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Interviews

Peter Moore

Ex-Microsoft messiah talks about his plans to revolutionise EA Sports

Xbox World 360 caught up with EA Sports boss Peter Moore in thier latest issue, on shelves now. Here's what he had to say...

EA Freestyle is a new brand targeting the casual gamer. Sounds like Nintendo's Marketing strategy...

Moore: Time is being compressed and people have less time to play games, so we have to create game experiences that are catered to them. We're not dumbing down the experience; segmentation such as Freestyle allows us freedom to explore outside of the core EA Sports brand. 'It's In The Game' is still about testosterone and competing against each other, which is what we're good at, but that business is not going to grow as quickly as the market for new consumers coming in.

Zoom

How does EA Big fit into this picture?

Moore: EA Big will go away. It will eventually disappear and it's actually had a longer shelf life in Europe than it has over here. Big as a label is a little restricted. It's action sports, it's extreme sports - you think of SSX and the Street games. We needed a broader platform to go forward.

So, is 'casual' the way forward?

Moore: Well, look at Rock Band. It really came home for me when we were in Munich for our global marketing meeting and we took over the Hard Rock Café for the night and had a Rock Band competition. There were a hundred of us and it was like a real rock concert. It was a blast. I stood back and I thought that this was an incredible cultural phenomenon.
The crowd were going wild, but all we were doing was playing on toy guitars, toy drums and singing badly into a microphone. Now the beer might have had something to do with it, I don't know, but it was a great social thing. And I said, "Boy, this product is going to change the way we think about games."

Do you think there's any crossover between the core and casual markets?

Moore: What I love about where we are at the moment is that the three gaming platforms are three distinctive experiences. Nintendo are trying to get people off the couch and you play more intuitively so you have brand new consumers there. Microsoft continues to do well with Xbox Live, but it's still a little too hardcore for where they would like to be at this point. That was something we tried to change when I was there.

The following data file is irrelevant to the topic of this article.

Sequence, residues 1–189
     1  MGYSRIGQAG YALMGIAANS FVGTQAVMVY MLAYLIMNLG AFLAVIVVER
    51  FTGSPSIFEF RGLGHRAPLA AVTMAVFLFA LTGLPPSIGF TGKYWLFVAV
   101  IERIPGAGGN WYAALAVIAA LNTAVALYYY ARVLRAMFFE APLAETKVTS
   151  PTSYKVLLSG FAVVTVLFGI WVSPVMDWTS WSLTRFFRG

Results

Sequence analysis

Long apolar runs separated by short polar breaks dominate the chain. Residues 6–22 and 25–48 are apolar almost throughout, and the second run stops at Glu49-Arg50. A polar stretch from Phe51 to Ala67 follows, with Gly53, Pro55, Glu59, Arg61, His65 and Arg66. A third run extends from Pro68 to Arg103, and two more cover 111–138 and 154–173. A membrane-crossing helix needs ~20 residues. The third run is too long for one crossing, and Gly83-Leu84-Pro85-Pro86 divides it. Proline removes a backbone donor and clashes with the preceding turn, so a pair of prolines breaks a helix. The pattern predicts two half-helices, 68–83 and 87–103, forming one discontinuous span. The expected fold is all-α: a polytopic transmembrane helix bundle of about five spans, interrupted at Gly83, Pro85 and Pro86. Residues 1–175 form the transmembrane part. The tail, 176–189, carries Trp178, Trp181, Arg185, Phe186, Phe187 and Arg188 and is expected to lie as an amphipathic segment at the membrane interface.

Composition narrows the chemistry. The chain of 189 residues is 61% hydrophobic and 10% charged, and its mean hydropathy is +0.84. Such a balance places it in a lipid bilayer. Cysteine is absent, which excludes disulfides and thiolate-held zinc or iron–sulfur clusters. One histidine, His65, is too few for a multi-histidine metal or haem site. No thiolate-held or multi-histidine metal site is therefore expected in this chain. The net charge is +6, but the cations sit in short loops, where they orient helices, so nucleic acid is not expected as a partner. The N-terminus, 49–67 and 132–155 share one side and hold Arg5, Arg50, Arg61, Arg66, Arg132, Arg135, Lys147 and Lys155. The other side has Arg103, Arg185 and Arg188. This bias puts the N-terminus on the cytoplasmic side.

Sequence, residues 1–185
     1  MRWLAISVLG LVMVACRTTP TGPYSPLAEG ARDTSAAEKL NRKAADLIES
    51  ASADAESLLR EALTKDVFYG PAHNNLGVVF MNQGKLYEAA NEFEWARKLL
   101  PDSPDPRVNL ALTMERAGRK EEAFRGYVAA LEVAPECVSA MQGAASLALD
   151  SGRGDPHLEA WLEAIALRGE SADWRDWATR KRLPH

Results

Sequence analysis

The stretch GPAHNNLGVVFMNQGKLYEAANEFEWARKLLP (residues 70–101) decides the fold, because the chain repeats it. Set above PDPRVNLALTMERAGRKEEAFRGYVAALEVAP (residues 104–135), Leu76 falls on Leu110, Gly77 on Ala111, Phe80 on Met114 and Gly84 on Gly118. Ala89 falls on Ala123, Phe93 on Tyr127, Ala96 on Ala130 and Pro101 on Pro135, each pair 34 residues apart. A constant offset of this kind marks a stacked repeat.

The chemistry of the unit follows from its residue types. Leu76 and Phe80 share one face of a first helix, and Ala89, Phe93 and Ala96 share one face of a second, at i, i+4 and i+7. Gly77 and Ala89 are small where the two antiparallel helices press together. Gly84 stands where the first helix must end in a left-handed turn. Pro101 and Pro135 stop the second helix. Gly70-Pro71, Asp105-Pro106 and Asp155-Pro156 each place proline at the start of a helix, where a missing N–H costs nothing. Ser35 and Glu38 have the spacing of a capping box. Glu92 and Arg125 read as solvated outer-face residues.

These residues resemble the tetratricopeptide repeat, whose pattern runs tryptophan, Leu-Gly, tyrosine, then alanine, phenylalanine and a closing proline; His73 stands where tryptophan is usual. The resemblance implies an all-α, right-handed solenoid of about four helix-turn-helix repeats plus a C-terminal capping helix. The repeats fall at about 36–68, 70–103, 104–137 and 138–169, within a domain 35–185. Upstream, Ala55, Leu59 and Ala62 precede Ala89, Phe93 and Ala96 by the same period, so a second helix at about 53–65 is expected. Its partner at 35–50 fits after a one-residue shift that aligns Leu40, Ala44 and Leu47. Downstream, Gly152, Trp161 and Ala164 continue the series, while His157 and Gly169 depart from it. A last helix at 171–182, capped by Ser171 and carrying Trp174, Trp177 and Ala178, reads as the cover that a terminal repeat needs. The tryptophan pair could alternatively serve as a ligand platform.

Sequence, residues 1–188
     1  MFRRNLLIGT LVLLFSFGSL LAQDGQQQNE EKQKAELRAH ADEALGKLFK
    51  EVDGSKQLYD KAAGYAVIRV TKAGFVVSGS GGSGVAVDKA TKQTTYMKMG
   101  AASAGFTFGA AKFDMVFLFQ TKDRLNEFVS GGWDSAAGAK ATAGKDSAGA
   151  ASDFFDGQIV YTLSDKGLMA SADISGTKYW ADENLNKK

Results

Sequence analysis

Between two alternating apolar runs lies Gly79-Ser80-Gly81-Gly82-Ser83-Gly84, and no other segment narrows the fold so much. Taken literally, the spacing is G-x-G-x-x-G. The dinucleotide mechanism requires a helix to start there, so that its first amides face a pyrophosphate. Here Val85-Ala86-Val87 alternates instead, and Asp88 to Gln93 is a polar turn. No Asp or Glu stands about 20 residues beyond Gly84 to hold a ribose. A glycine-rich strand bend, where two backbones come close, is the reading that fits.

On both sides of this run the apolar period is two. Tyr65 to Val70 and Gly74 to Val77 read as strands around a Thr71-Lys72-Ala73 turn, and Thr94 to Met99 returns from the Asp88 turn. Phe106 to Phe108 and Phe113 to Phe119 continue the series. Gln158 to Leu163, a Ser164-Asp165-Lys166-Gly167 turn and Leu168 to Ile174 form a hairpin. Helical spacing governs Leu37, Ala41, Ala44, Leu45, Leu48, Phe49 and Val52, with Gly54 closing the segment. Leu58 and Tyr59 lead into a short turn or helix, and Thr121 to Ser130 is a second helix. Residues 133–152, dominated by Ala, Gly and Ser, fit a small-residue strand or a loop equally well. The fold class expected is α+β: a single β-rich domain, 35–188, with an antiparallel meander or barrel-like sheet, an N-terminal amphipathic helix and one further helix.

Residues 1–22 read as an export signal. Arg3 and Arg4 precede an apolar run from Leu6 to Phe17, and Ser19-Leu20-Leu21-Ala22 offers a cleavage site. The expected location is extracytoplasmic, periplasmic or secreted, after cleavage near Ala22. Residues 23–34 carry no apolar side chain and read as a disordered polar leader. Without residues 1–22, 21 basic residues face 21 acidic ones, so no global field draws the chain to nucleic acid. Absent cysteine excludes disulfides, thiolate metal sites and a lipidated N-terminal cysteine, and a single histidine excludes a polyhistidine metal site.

What about DLC? will that replace yearly updates?

Moore: The criticism that we get is that we just update stuff each year. We do a lot more than that. I think of DLC in terms of a sports season - I mean, who would have thought it would be Portsmouth and Cardiff in the FA Cup Final? If you play FIFA, maybe the game could recognise that. We update the game every few weeks based on what we think is going on, but we should be looking to update the game every day. Wouldn't it be cool if the game the next day you play it reflects what happened the night before?

There's an opportunity for us, and it's difficult at the moment, but there are games in the future that will take a ton of data every time a real game is played, analyse that data, and then drop it down into the videogame. So, say somebody gets injured, and they're out for eight weeks - then they're out for eight weeks in the game. There would be this real-time feeling we're trying to get in our games; that you're not restricted to the code on the disc. The game updates in real time and makes you think you're getting inside of the game. In my opinion, that is the future.

But we imagine the twelve month turn-around restricts things a little...

Moore: We've got to go after more rapid development - I call it 'sell fast, sell cheap.' We need to generate ideas we can try out quickly and cheaply, and say either 'Yes it works, let's continue to invest,' or 'It doesn't, let's walk away'. In our world we only have a year to deliver a game.

This is not GTA, this is not Halo, this is not Metal Gear... This is NBA, Madden and FIFA and the season doesn't wait for us to get through Beta before they start kicking a ball. It's our job to be in sync with the start of the season.

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